Guitar Hero video game led local musician on a professional path
Eric Heideman Band plays Park Silly Sunday
Local guitarist Eric Heideman, vocalist and leader of the Eric Heideman Band, found himself on the brink of unemployment last year.
“COVID shut down gigs for a long time,” Heideman said. “I had to get a job at FedEx, and do things like that.”
This year Heideman and his band — drummer Levi Ollerton and bassist Sam Schultz — have scheduled 11 performances in July, and one of those gigs is on the Park Silly Sunday Market’s Main Stage at 11 a.m. on July 11 on Main St.
The guitaris promises to play an array of blues-based rock that are featured on his two albums, and a smattering of traditional blues that hit him at an early age.
“I just want to dive more into the traditional blues aspects of playing,” Heideman said about his future endeavors. “I have a lot of blues-rock influenced stuff on my two albums, and I want to get back to a more traditional sound that was made by B.B. King, Freddie King and all of those guys. I would like to try to get closer to that sound vocally as well.”
Heideman’s love for the guitar started with the Guitar Hero video game.
“One day my dad said, ‘Why don’t you get a real guitar and stop playing the video game,” Heideman said with a laugh. “So that was how it all got started.”
With the guitar in his life, Heidemen found inspiration in blues artists such as Kenny Wayne Shepherd, T-Bone Walker, Stevie Ray Vaughan and his brother Jimmie Vaughan, Danielle Nicole and more.
“When I started making my own music, it was about taking everything that inspired me, and putting my own twist and voice into the music,” he said.
Heideman furthered his musical education and recently graduated from the University Of Utah with a bachelor’s degree in jazz guitar performance. During his studies, he studied under and played with Grammy-nominated musician Kris Johnson.
“The jazz training gave me a lot of discipline,” Heideman said. “It also gave me the knowledge of the different elements of the guitar — scales, arpeggios and that kind of stuff.”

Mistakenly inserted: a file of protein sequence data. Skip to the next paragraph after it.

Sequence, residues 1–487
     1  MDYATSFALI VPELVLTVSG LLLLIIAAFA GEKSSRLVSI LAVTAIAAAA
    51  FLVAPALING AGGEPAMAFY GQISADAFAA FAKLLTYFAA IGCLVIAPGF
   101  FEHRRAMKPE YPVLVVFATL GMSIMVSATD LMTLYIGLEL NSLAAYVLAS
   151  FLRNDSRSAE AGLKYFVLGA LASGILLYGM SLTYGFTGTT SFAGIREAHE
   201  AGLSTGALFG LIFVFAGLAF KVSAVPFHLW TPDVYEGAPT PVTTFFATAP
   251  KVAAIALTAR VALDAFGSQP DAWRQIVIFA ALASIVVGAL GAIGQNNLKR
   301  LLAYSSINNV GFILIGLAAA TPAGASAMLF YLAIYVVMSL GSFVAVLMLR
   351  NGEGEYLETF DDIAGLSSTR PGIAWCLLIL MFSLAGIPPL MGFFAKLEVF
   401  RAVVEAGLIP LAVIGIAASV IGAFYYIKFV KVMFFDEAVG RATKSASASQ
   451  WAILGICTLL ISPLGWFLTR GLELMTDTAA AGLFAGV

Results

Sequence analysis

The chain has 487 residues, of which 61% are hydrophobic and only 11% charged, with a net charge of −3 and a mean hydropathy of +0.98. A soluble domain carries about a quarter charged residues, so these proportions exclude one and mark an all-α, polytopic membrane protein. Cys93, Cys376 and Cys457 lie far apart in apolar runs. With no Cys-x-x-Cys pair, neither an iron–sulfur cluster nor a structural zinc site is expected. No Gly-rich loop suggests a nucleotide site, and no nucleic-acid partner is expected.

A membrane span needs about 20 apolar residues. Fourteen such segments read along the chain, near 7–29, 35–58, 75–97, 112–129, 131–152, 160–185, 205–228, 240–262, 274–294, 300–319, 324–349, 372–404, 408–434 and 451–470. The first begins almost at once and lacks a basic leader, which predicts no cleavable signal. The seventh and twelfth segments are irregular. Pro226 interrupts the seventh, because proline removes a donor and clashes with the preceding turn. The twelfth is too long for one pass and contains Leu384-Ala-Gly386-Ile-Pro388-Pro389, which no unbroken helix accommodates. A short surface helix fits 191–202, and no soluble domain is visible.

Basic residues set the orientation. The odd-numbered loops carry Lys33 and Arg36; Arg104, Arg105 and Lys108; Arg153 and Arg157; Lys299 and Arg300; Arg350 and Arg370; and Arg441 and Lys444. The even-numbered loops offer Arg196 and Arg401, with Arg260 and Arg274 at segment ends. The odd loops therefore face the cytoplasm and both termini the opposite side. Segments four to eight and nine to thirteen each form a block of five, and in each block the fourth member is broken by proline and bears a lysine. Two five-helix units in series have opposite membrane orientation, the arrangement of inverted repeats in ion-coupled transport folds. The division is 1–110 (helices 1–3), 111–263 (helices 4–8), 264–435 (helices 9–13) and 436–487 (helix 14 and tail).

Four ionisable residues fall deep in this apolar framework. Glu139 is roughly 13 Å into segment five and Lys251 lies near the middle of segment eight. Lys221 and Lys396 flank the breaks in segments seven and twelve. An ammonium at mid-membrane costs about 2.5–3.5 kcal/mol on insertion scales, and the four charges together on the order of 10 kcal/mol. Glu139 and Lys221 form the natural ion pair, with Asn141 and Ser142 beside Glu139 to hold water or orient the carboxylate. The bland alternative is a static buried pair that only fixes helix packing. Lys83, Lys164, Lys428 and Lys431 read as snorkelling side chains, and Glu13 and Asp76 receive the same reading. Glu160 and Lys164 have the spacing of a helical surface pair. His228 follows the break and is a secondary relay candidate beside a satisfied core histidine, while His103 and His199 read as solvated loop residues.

The training also helped Heideman when he recorded his second album “Out of Time,” which was released on his birthday, April 21, 2020, and, as opposed to his first album, “Get Off My Back,” where he did all the recording, mixing and mastering, Heideman decided to take measures that would allow him to focus on solely making music for it.
The band went to a studio called Man Vs. Music in Salt Lake City and had studio owner Michael Sasich do all the work.
“There was a lot less stress with this session,” Heideman said. “And as musicians, the band had also grown. So we were playing better, and that made a better sounding album.”
“Out of Time” features a song called “Outrun the Fire,” which concerns police violence towards African-Americans, and that topic is one of many social issues Heideman writes about.
“I write about anything in the world that makes me feel sad, angry or happy,” he said. “I am not an African-American and I will never experience what it is like to be racially profiled, but to actually experience change we need to stand up with anyone who is oppressed and stand against racism and bigotry.”
Heideman feels the country could be in a better place when it comes to racism, sexism, homophobia and transphobia.
“We all need to band together if something is to change in this world,” he said.
“Mountain Song” is another track on the album, and it’s about Heideman’s love of Utah’s Rockies.
“I’m a guitarist so oftentimes a riff will pop in my head and then a melody on the riff will come, but the idea of “Mountain Song’ came before anything else,” he said.
When he’s not writing songs or practicing, Heideman is booking gigs. He and his band have played The Corner Store, O.P. Rockwell and Park City Mountain Resort in Park City, as well as Piper Down, Kilby Court, The Loading Dock and Pat’s BBQ in Salt Lake City. He will also finally play an album release party on Aug. 18 at Soundwell in Salt Lake City.
“One of the challenges of being an independent musician is staying on the hustle,” Heideman said. “You always have to book and play gigs, and you also have to practice to improve your craft. So It’s all about the balance of playing gigs, hustling to get those gigs and keeping your craft up.”
When: 11 a.m. Sunday, July 11
Where: Park Silly Sunday Main Stage
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